Many investors believe that it is better to be diversified regarding investments rather than owning only a few stocks, because diversification reduces risk. For that reason, some investors prefer to invest in the whole market by buying an ETF that replicates its composition, rather than pick individual stocks. Then there are investors like Warren Buffett, who prefers to be concentrated in a few positions and has been able to beat the market by a wide margin over many years. That means it can be preferable to buy one stock as opposed to the whole market depending on the stock. Let’s…
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Many investors believe that it is better to be diversified regarding investments rather than owning only a few stocks, because diversification reduces risk. For that reason, some investors prefer to invest in the whole market by buying an ETF that replicates its composition, rather than pick individual stocks.
Then there are investors like Warren Buffett, who prefers to be concentrated in a few positions and has been able to beat the market by a wide margin over many years.
That means it can be preferable to buy one stock as opposed to the whole market depending on the stock. Let’s compare the TSX to Dollarama Inc. (TSX:DOL), a popular retail stock that has performed very well, to determine which one is a better buy now.
A big difference in performance
The S&P/TSX Composite Index (TSX:^GSPTSE) hasn’t produced high returns. Its five-year, three-year, and one-year compound annual returns are 7.2%, 3.4%, and 0.3%, respectively.
Since the beginning of the year, the TSX has dropped by 5.6%. The TSX has been dragged down by the energy sector, which fell despite rising oil prices. The energy sector accounts for a large portion of the TSX with a weight of almost 20%. As the energy sector is sensitive to economic cycles, that makes the TSX rather risky.
The consumer discretionary sector accounts for only 6% of the TSX. While Dollarama is considered part of this cyclical sector, this stock doesn’t behave like a cyclical stock. As this retailer sells a variety of everyday items for $4 or less, consumers will shop there during any season and regardless of the economy. You can find just about anything at Dollarama, ranging from kitchen articles to office supplies to non-perishable food.
The stock has performed very well and outperformed the TSX by a wide margin since its IPO in 2009, driven primarily by strong growth in earnings that have consistently beaten analysts’ expectations. Its five-year, three-year, and one-year compound annual returns are 37.0%, 29.9%, and 42.3%, respectively.
Year to date, the share price is down -1.3%, but it rose by 5% on March 29 when Dollarama released its 2017 fourth-quarter earnings results, which show no sign of growth slowing.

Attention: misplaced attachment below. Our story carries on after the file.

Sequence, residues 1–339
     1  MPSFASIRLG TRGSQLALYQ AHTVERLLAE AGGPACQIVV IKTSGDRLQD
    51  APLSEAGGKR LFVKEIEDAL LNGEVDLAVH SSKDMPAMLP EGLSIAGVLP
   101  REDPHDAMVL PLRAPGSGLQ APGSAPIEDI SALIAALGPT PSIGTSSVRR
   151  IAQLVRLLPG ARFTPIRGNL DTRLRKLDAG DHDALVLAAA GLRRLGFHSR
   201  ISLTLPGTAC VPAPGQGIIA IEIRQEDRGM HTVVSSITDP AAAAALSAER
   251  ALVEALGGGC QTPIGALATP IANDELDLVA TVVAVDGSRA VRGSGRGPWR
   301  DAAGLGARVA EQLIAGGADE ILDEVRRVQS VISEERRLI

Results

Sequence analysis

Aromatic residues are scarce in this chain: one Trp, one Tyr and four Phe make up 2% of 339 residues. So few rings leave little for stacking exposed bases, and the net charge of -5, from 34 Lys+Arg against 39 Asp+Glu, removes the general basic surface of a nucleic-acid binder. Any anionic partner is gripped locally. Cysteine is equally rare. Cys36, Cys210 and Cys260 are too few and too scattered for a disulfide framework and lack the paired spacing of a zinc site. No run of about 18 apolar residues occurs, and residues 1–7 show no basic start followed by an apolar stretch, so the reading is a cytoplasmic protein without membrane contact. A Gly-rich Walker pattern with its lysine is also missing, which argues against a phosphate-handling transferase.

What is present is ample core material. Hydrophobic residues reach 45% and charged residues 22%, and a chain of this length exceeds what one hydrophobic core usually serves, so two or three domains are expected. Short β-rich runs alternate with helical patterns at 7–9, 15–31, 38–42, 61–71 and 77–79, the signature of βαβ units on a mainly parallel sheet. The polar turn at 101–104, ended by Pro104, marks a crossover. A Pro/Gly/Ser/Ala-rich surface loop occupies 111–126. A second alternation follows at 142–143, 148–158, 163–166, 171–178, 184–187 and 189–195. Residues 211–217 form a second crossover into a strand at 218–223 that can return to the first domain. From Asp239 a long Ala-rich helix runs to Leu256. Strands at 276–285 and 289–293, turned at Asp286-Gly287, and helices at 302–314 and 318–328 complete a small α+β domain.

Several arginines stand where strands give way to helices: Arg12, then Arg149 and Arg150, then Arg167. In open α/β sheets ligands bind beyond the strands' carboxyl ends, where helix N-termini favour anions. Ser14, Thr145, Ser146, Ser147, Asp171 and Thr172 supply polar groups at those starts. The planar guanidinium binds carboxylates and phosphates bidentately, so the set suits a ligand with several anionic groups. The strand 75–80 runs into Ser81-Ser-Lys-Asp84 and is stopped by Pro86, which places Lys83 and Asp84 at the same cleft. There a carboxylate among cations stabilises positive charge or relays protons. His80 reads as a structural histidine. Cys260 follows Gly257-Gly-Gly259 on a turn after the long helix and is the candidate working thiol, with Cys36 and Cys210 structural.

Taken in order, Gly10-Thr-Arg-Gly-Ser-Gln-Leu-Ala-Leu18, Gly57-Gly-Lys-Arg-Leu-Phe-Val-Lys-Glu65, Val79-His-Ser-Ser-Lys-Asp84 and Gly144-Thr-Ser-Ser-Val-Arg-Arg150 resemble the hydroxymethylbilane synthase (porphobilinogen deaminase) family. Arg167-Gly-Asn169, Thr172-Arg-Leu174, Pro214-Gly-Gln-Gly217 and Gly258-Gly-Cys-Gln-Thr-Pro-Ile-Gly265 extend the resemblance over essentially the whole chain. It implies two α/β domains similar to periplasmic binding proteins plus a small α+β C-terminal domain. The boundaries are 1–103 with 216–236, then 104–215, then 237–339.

Another quarter that exceeds expectations
The dollar store chain profit climbed by 11% to $162.8 million in the fourth quarter. Diluted profit rose 17% from a year earlier to $1.45 per share, beating analysts’ forecast of $1.40 per share.
This quarter is the 13th consecutive quarter during which Dollarama has delivered better-than-expected results, and expectations are still high for this leader in the retail sector.
Sales totaled $938.1 million in the fourth quarter, up 10% from 2016 last quarter, boosted by comparable-store sales growth of 5.5%. The average transaction jumped 4.6% due to the increased number of items over $3 and the use of credit cards.
The retailer increased its quarterly dividend by 9% to $0.12 per share and plans to split its shares on a three-for-one basis.
Dollarama will expand its distribution centre in Montreal to support the company’s planned expansion to a maximum of 1,700 stores by 2027.
Last year, Dollarama has developed technological initiatives to improve store productivity, like handheld scanners for employees.
The company will start selling merchandise online this year to consumers wishing to buy certain items in bulk.
Dollarama’s growth is expected to be 17.5% per year on average for the next five years, while the TSX is expected to grow by 11.7% per year on average over the same period. So, regarding growth, Dollarama is a better buy.
However, Dollarama is more expensive than the TSX, with a forward P/E of 26.1 for the former vs. 15.2 for the latter.
If you have a long investment horizon, Dollarama looks like a better buy for its higher-growth perspectives. Furthermore, with a beta of only 0.4, Dollarama should perform better than the TSX in a bear market.
But if you are investing for a short-term period and are not afraid of volatility, I think the drop in the TSX represents a buying opportunity.
5 stocks we like better than Dollarama Inc.
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*returns as of 5/30/17
Fool contributor Stephanie Bedard-Chateauneuf owns shares of DOLLARAMA INC.